The Nittany Lions were actually 10-0 in front to begin the game. Hackenberg hadn’t been perfect, but he was doing well. The problem is what happened when things started to turn against them.
This is when the pressure started to become a factor, but as we mentioned earlier, it wasn’t simply a four-man rush beating the offensive line. More often than not Temple were coming with heavy six-man pressure and Penn State either didn’t have the blockers to pick it up, or did and there was still nowhere to go with the ball. Hackenberg and the Temple defense were engaged in a chess battle at the line of scrimmage, with hard counts and changes to try and identify what was being run and account for it. But with every move he made, Hackenberg kept finding himself in check, usually with a defender sacking him.
Strangely the offense seemed to be almost entirely devoid of hot routes. Maybe they aren’t in the system, which would seem unlikely, or maybe Hackenberg wasn’t able to match them to the overload pressure he was facing. All too often Temple would show six rushers pre-snap, only to come with those six and somehow surprise Hackenberg with the free-rusher.
Take this play for example. Temple showed six rushers, and with the back chipping on the left side, the extra man coming up the middle would always be free. Hackenberg’s first read was to the wide receiver in single coverage off-screen, and when he came back across to his second read — the TE trying to cross the middle of the field — he has no more time left to work with.
To his defense, the TE is being held by the defender, which went uncalled, but Hackenberg knows he has no time and has to put that ball in the air out in front of his man where only he can catch it. It’s a tough play and a low-percentage pass, but the pass landing safely incomplete is still a better play than just panicking and eating the sack from a guy you knew was coming all along.
What didn’t help was the team’s strange play selection in certain instances. On 3rd and 4 they lined up with a bunch formation tight to the right and a lone receiver split wide to the left. This was a formation Penn State was keen on all game, but seemed unable to actually exploit for positive gains. Hackenberg wanted to hit the slant across the middle, which gets freed up by the other two parts of the bunch.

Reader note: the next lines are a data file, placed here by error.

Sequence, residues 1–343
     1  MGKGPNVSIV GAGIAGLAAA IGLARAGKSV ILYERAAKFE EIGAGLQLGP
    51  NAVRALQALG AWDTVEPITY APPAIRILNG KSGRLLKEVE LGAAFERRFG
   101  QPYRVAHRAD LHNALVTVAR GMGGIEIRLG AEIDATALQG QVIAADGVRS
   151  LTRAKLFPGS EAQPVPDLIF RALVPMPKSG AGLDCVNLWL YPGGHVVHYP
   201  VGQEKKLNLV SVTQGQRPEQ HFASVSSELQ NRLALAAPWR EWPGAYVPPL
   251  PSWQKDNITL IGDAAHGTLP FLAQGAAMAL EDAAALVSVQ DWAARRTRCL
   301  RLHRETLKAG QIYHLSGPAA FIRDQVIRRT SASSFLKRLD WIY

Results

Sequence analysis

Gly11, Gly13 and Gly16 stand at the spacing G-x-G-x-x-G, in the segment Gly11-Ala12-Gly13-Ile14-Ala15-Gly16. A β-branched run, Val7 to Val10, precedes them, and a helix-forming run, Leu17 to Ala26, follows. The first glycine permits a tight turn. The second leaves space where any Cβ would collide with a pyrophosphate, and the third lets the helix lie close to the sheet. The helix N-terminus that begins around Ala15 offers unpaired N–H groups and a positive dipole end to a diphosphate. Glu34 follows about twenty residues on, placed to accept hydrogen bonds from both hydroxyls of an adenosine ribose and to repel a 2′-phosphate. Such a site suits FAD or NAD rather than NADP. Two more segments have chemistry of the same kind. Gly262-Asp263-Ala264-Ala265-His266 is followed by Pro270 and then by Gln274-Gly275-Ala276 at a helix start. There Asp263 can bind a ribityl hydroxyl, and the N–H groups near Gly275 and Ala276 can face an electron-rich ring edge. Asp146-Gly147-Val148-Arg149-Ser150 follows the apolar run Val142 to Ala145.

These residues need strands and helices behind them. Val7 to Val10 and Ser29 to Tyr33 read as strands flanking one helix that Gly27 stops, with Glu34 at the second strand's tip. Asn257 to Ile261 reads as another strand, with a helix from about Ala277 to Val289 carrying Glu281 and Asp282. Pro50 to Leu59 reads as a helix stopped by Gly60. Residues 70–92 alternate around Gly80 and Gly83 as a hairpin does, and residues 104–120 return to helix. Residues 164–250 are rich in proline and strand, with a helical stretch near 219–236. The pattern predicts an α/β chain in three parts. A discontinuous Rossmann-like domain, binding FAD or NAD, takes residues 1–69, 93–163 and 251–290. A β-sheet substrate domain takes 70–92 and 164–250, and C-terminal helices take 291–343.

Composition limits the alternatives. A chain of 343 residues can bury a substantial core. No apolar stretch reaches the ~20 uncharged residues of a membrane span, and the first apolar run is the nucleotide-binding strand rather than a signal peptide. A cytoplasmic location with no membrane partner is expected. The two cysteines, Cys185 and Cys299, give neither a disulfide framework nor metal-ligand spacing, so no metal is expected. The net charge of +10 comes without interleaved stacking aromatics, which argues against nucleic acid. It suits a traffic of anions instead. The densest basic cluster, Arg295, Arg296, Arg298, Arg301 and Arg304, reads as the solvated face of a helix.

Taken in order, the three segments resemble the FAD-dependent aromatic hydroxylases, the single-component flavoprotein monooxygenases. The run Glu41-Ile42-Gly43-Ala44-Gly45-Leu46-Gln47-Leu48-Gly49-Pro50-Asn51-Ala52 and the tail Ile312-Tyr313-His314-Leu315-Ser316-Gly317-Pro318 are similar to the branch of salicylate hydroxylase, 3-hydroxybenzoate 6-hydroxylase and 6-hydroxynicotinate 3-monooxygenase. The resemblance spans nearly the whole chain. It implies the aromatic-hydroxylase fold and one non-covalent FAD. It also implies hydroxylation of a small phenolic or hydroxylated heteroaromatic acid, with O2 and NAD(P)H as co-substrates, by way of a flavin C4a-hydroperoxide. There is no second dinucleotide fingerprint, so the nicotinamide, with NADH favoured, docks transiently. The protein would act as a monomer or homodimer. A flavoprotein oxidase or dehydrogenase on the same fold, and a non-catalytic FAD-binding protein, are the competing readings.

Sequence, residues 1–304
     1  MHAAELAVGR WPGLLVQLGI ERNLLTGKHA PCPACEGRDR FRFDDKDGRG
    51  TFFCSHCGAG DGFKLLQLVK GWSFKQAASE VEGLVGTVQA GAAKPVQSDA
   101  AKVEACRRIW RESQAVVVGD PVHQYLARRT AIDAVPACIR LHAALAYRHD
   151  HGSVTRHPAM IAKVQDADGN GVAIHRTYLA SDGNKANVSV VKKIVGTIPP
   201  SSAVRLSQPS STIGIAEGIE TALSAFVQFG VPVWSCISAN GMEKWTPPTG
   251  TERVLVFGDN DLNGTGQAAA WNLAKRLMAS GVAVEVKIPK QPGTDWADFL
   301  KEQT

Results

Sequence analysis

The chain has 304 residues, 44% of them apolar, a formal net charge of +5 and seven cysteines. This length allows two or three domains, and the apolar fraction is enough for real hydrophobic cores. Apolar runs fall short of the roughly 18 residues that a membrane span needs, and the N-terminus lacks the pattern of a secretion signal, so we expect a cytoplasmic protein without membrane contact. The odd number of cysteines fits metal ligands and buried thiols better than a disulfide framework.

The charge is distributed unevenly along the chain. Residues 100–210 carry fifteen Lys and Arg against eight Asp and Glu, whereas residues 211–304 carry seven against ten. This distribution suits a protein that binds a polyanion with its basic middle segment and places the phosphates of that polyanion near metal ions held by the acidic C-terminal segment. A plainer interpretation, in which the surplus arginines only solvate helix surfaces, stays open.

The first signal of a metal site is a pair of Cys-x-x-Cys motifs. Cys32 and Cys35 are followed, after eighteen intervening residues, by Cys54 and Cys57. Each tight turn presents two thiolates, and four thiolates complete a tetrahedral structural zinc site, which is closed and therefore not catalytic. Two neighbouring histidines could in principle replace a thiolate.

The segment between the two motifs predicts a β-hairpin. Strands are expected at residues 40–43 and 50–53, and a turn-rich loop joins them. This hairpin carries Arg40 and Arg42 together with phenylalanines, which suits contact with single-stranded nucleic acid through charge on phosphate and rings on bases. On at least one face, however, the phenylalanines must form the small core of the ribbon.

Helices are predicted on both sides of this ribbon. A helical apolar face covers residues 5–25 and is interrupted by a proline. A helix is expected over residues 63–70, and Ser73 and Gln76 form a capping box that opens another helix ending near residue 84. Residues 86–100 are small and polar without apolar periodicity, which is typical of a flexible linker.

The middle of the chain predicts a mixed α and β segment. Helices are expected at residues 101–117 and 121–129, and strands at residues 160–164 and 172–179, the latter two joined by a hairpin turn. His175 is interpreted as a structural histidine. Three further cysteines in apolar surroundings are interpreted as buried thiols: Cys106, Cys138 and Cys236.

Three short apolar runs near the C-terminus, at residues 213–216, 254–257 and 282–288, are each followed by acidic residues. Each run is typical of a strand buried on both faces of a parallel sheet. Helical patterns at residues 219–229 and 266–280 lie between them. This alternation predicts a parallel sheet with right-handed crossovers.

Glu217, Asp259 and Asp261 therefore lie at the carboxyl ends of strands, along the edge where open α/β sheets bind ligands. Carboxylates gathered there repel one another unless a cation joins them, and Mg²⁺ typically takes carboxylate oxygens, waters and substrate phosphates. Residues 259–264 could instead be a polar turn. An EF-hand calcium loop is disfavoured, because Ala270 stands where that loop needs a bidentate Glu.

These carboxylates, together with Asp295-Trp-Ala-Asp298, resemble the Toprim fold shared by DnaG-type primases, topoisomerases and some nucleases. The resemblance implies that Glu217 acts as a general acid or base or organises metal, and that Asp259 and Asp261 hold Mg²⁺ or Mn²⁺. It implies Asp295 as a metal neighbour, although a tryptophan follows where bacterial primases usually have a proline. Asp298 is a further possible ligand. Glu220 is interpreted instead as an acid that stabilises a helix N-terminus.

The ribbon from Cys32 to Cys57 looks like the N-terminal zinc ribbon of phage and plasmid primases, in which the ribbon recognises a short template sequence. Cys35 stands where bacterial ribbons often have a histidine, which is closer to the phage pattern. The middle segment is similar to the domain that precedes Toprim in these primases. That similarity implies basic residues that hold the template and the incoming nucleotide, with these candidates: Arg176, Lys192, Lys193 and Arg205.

It’s always going to be a tougher throw than it seems pre-snap because a linebacker dropped out from the line after showing blitz. It’s going to take a good throw and some work from the receiver after the catch to beat him and pick up the necessary yardage, but when the receiver trips and falls to the ground the play is dead in an instant. Hackenberg ends up needing to check it down to the running back who gets flattened instantly.
My question though is why not exploit the space on the other side? The bunch lines up so tight it is always going to be a chaotic space, but the other receiver is isolated with half a field to work with. A slant there runs him into open space and picks up four yards easily. Instead, they send him deep down the sideline. He isn’t even a read on the play.
This game had the feeling of a performance in which the wheels fell off for Hackenberg. Things were going OK, but once they turned he found himself in quicksand, and the more he fought it the deeper he sank, until at the end he was in over his head and just waiting for the clock to run out. His interception was his first real bad read of the game – just not seeing a dropping lineman and tossing the ball right to him, but this wasn’t a game in which he was making a series of bad decisions with the ball in the air.
Hackenberg needs to show he can be a more accurate passer, but the bigger concern is that he needs to show he can control the protection scheme and understand where to go with the football when the heat comes.
When pressure came in this game, he was lost — and it was just as much his fault as the offensive line’s for the development of that pressure. When you turn up the heat you can forge impressive tools, or you can flame out. Hackenberg has been flaming out.